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Mila Koumpilova, Published January 03 2010

Minnesota couple find love, renewed zest for life 50 years after first date

FRAZEE, Minn. - Gloria Beck looked up from the peas she was weeding and watched a dark blue Grand Marquis pull into her farm.

It had to be another lost lake country traveler looking for directions. The Grand Marquis came to a halt under an oak tree.

Striding toward her was Jerry Carlson, a man Gloria had barely seen for decades and never expected to see that July day in 2000. It had been more than 50 years since their fleeting courtship was cut short by youthful indecision and the pressures of high school. Then, their paths had veered in sharply divergent directions.

“When I saw him, I almost fainted,” Gloria recalls.

Gloria and Jerry, both 74, found their way back to each other just as loneliness and loss were closing in. For the duo, the following years affirmed some simple truths: the importance of taking a chance even when it seems too late, and the power of companionship to shake things up at any age.

“Our second date came 50 years later,” says Jerry, adding with his trademark self-deprecating humor, “It takes me a while.”

Opposite lives

The year was 1949. Jerry and Gloria were freshmen at Frazee High School. It was a first date for both and a classic case of opposites attract.

Gloria was a country girl. Jerry, whose dad ran a service station in Frazee, was a town kid. Gloria was a self-described “jabberbox,” a pretty, petite bundle of spunk who didn’t think much of yodeling in front of the entire class at school dances. She and her sister had a guitar-and- accordion act that even landed some gigs in town.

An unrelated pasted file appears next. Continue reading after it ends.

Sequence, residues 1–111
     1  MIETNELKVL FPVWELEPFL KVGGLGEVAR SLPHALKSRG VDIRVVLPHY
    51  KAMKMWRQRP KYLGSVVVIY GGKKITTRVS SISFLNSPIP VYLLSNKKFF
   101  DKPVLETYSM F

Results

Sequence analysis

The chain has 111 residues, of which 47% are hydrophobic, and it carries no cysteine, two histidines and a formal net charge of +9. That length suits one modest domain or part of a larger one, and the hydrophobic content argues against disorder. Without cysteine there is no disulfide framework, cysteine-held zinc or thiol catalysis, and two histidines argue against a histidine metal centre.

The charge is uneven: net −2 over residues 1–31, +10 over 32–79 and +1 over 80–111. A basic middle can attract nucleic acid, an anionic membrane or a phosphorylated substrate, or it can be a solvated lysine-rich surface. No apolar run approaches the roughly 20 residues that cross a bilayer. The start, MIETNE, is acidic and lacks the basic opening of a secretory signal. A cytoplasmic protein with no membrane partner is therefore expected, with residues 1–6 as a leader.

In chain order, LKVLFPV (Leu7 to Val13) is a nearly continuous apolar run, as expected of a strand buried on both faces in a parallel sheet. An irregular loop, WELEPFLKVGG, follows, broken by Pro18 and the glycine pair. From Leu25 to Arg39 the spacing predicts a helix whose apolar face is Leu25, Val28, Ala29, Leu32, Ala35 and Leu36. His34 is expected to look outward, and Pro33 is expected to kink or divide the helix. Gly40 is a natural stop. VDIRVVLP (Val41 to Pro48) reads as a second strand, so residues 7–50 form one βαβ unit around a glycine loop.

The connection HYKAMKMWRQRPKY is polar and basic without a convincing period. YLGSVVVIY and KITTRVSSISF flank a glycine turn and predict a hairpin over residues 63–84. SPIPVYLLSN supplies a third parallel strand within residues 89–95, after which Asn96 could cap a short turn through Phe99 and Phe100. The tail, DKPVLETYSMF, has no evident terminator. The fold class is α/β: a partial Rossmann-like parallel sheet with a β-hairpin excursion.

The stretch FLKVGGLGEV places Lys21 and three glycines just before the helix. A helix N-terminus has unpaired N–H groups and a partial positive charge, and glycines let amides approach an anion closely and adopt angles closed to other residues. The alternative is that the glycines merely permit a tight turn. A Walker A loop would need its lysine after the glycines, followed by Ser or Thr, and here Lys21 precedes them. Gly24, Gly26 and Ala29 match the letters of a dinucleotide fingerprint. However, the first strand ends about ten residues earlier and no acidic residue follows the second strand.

A math and science whiz, Jerry was the quiet type, bashful despite his spot on the football team. He later told a former classmate, Don Grieser, the last day of his high school career was the happiest in his life.

“When Gloria and I first went together, I was very shy,” Jerry recalls. “I was scared stiff.”

After they had burgers in town, Gloria insisted on paying for her movie ticket.

Jerry never got around to asking her out again. For a time, Gloria hoped he would. In those days, girls didn’t ask boys out.

Then, life whisked them to places less than 200 miles – and light-years – apart. Jerry joined the Army, where he relayed messages in Morse code. Later, he worked as a land surveyor for the state Department of Natural Resources for more than 30 years, most of it spent on the road. He remained a bachelor.

Gloria married the summer after her graduation and settled down on husband Roy’s 500-acre family farm. She had four kids to raise and a dairy operation to help run. She stayed put.

As Huntington’s disease, an unrelenting degenerative illness, claimed more of Roy’s routines, Gloria took over farm chores. He died in 1999 at 65.

A few years earlier, Jerry had retired and moved back to the area from St. Paul. In the summer of 2000, he found out Frazee High was hosting an all-school reunion. Gloria, a perennial organizer of church and school events, was collecting the $10 for the reunion dinner.